There's a wonderful book by Jacot De Boinod The Meaning of Tingo: And Other Extraordinary Words from Around the World.
It's a fabulous collection of strange words that don't have a precise English equivalent but reveal a lot of other cultures' values.
"Fucha" (Portuguese) means "to use company time and resources for one's own purposes", "dhurna" (Anglo-Indian) stands for "extorting payment from someone by sitting at their front door and staying there without food, threatening violence, until you get paid", "sokaiya" (Japanese) means "a man with a few shares in several companies who extorts money by threatening to come to the shareholders' meetings and cause trouble". "Smonta" is Italian for "a theft carried out on a bus or train, from which the perpetrator descends as quickly as possible", "pana po'o" is Hawaiian for "to scratch your head in order to help you to remember something you've forgotten". A person who leaves without paying the bill is a "Zechpreller", and that's German - I wonder in what way THIS is typical for the German speaking countries...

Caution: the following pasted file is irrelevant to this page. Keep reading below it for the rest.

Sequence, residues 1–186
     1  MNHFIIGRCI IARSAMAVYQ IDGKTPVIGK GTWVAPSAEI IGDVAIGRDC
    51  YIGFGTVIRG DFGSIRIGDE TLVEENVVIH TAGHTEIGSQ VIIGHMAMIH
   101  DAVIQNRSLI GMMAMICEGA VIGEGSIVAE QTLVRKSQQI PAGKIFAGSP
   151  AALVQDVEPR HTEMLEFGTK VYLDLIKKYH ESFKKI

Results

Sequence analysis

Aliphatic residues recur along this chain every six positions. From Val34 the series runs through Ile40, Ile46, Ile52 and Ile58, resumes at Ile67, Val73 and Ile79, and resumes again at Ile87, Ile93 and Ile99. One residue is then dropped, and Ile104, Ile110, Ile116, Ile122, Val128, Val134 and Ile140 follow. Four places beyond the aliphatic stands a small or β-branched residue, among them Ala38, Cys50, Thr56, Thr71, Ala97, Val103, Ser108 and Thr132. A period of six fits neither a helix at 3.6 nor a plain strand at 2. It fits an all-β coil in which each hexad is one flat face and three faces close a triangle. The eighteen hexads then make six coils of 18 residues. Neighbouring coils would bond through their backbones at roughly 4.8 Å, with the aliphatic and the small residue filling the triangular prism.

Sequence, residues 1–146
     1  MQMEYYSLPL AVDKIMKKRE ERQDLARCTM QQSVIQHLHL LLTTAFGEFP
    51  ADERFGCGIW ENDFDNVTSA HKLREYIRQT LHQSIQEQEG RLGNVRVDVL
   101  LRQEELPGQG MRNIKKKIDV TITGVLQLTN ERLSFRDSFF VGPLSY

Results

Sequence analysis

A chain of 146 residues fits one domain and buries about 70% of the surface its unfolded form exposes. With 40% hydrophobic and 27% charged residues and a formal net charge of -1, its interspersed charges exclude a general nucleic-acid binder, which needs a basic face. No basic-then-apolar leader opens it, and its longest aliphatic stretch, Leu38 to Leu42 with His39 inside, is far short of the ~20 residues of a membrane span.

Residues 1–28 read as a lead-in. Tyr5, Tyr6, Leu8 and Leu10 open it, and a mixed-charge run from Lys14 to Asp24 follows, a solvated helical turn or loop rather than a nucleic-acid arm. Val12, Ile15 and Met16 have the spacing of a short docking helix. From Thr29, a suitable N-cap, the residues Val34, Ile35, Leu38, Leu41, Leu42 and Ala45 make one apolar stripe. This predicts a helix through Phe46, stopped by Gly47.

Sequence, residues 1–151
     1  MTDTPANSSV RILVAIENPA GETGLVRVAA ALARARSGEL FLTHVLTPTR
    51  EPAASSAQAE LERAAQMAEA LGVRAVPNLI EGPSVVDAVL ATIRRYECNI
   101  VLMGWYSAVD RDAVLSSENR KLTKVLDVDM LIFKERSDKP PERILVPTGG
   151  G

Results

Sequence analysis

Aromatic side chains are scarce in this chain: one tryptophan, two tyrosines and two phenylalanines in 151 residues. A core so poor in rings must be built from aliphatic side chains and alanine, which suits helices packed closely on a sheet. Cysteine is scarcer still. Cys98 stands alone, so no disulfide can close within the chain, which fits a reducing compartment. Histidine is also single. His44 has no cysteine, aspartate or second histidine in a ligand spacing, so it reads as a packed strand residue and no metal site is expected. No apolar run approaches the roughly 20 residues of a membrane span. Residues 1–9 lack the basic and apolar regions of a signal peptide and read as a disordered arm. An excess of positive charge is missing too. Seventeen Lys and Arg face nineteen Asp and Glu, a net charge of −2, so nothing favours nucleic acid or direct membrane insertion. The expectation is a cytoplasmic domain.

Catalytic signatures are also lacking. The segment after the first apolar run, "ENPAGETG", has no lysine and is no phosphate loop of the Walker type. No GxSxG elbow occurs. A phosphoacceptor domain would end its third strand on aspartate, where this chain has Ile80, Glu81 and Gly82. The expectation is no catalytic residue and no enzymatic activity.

And "tingo" from the book's title is from the Pascuense language (Easter Island) and means "borrowing things from a friend's house, one by one, until he has nothing left". I like this very much.